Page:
A new nightly world newscast is being launched on U.S. public television, and producers of the new show say they intend to present foreign news in a way that is interesting and significant to American audiences. From VOA's New York Bureau, Mona Ghuneim has the story.

Producers of the new show Worldfocus say there is little foreign news coverage on television in the United States and what is covered is often glossed over or not explained very well to American viewers.

Referring to what he calls a "void in television news," executive producer of the program Marc Rosenwasser says he wants to focus on foreign news in a way that shows Americans how international events and happenings impact their lives. He says Worldfocus will draw from a large network of global newsgathering organizations and individuals, and the staff purposely comes from all over the world.

Rosenwasser says the show will incorporate diverse voices and viewpoints, something lacking in a lot of foreign news coverage in mainstream media. 

"We have assistant producers who come from the Middle East, Taiwan, Brazil, Africa. By having people who hail from all over the world, we think we can easily get well beyond the typical coverage of the same two or three major stories and extend our region to all kinds of stories," he said.

Those sorts of stories, says Rosenwasser, include examining major world trends, such as the effect of higher food prices on various nations and regions, as well as breaking foreign news, analysis and longer feature-type reports. The executive producer says he thinks Americans would be more interested in foreign events if they were better presented by the media and made to be more meaningful to them.

But American Jeffery McGraw does not wholly agree. The international content sales manager for Arts and Entertainment Television says he doesn't see how this show will be any different from other U.S. news programs that report foreign news. He says he thinks most Americans like their news fast and compact.

"People in America generally want their news in short and sweet sound bites. How will a show like this appeal to people who have very busy lives and do not have a lot of time to devote to domestic issues, let alone international issues? I think when things happening outside America affect America in a major way, people will be informed by mainstream sources," he said.

But McGraw says the show could still set itself apart through "execution." He says that part of why he watches one media outlet more than another is because of the way the news is delivered, and the appeal of the personalities presenting that news.

Worldfocus has recruited a big name in the U.S. news industry, correspondent Martin Savidge from NBC News, to be its anchor, and it plans to feature other top news and foreign affairs experts on a regular basis.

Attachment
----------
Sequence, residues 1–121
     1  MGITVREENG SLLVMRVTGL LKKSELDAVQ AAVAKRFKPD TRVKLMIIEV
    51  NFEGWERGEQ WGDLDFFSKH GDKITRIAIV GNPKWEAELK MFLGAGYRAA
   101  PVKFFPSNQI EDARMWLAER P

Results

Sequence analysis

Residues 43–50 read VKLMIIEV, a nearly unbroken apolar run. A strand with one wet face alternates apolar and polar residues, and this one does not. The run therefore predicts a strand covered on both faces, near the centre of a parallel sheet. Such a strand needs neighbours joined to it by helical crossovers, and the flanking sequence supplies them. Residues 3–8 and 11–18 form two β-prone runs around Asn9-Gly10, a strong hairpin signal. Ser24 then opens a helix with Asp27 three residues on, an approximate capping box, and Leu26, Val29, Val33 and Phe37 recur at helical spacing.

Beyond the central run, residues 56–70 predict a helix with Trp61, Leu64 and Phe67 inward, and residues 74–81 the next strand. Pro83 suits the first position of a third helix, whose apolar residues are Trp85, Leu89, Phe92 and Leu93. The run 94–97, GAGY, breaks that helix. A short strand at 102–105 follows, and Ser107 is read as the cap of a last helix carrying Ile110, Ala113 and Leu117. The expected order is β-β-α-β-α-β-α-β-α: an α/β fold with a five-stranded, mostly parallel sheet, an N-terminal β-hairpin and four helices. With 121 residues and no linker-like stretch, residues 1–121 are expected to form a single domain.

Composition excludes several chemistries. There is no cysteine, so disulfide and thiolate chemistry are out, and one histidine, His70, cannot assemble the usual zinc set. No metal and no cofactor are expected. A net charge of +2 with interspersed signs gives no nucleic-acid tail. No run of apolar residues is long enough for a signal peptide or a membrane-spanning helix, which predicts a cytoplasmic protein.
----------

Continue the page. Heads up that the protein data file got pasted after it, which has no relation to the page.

Worldfocus analyst Richard Haass is the president of the private Council on Foreign Relations in New York. He says Worldfocus comes at a time when the need for Americans to connect to what is happening around the world has never been as great, yet there is a lack of committed, regular, and substantial American programming on international news.

"I do not see this show as a 'news show.' That is not its function. This is not headline news. It is essentially more analysis behind the news and it is to choose a few principal stories and drill down and give them some depth."

Haass says that a lot of Americans are selectively interested in foreign news, such as trade and immigration stories or the war in Iraq, but that even when they do care about an issue, there is often a shortage of information or background or what he calls an "absence of perspective."

New York University graduate student Christina Garidis says she is not certain the general American public will tune in, but she thinks the United States does need a program like this.

"When we see things about other countries, it is usually to villainize or to objectify or separate ourselves from them. I would like to see it presented more in a way that shows how related we are to these remote cultures, and I would also like to see more good news because there is a lot of good stuff happening in the world - humanitarian projects going on - and we do not hear enough about that," she said.

Garidis says she does not own a television but that she might watch the show online.

The executive director says Worldfocus will also have a Web presence and will try to engage people outside of the United States in an interactive way. 

"We will ask people online to offer submissions about their feelings about something going on in their part of the world or something going on in the United States in which they can opine by submitting a video blog and we hope to incorporate those into a semi-regular feature on the show," he said.

Rosenwasser says the half-hour newscast has already secured coverage on eight out of the top 10 public television stations in the United States, with two New York stations airing the program twice each night.